Re: "stupid" questions

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From:Ford Royer <>
Date:Wed, 09 Jun 1999 22:30:15 -0500
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> > -----Original Message-----
> > From: Connolly, Brett []
> > Sent: Wednesday, June 09, 1999 12:55 PM
> > To:
> > Subject:      RE: "stupid" questions
> >
> >       I'm sorry I missed the stupid question post. I must have deleted it
> > based on the subject line.
> >
> >       My question:
> >       If I accidently lop off my hand with an old, rusty steel microtome
> > blade and then jam a #2 pencil into the severed artery to stop the
> > bleeding,
> > should I be more concerned about possible lead poisoning or a Clostridium
> > tetani infection?
> >
> > Brett

Just an off hand comment...

I will assume that by -"an old, rusty steel microtome blade"- you are referring
to a traditional steel knife as opposed to a disposable blade system.  In which
case, I would strongly question the ability of such an implement (in the
condition you describe) to actually sever your hand completely, thereby leaving
the question of lead (or graphite) poisoning dangling by a thread, at best.
Everyone knows that an old rusty microtome blade (knife) isn't sharp enough to
cut all the way through a  non-decal'd, unfixed, unfrozen wrist.  So, your
question is really stupid.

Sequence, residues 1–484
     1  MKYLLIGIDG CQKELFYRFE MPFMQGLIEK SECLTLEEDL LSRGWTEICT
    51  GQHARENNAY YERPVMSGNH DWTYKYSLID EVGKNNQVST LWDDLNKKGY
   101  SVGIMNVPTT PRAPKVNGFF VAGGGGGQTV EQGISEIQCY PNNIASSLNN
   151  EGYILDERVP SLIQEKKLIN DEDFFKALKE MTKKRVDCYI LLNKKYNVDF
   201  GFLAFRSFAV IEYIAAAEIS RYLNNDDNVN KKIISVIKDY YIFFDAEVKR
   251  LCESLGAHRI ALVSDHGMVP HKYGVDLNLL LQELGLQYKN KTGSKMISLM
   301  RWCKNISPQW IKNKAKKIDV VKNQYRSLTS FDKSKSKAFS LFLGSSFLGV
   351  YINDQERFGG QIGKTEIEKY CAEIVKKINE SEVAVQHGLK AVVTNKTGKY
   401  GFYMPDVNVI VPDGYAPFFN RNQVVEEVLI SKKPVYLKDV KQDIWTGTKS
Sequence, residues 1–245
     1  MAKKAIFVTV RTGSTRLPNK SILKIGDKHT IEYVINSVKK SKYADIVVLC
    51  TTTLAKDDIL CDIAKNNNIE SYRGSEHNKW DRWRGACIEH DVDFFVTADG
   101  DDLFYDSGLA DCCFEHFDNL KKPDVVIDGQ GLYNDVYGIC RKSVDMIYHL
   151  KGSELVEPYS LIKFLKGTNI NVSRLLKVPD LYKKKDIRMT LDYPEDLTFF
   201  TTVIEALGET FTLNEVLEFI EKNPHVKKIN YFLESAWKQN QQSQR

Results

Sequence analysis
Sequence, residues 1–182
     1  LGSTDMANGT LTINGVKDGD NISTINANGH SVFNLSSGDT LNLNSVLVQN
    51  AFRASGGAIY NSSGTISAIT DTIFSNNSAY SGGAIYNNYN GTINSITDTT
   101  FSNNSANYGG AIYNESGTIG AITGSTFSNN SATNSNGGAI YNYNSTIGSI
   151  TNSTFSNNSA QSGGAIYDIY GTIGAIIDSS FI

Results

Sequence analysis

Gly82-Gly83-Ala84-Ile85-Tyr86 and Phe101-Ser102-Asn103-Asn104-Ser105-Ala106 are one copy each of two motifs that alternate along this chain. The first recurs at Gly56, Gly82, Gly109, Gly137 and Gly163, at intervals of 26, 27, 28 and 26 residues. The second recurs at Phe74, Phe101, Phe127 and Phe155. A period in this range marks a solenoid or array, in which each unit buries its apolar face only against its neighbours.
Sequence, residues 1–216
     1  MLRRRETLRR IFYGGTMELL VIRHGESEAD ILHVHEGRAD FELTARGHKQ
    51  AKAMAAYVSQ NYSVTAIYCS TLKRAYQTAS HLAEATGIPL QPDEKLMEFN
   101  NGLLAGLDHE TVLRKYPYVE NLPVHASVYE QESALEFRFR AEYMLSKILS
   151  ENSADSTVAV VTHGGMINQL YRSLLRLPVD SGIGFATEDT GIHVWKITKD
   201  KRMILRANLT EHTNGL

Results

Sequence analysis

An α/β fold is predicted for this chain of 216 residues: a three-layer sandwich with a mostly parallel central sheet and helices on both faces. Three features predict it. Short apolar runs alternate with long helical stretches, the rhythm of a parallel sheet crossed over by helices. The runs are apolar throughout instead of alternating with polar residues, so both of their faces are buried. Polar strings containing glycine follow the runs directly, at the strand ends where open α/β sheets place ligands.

Might I suggest that you investigate the possibilities of acquiring a new
disposable blade system, or a brand new tungsten steel knife,  in order to
properly conduct your experiment and answer your question properly?  On the one
hand, the tungsten knife may work better than the disposable blades, but on the
other hand (now that I think of it) you could keep replacing the disposable
blades, as the become dull, until you made it all the way through.  Regardless,
there are many excellent vendors of these blades, blade holders, and knifes who
would be happy to contact you and provide you with pricing and availability.
(off the Net, of course).

Once the hand is successfully severed, you could then proceed with the
lead/graphite question, though it may be academic at this point.

NOTE: I strongly suggest that you review your state's workman's comp.
regulations and benefits before you seriously test your question.  Contact your
Human Resources department.  They can give you a hand with this.

Ford Royer/Minneapolis MN

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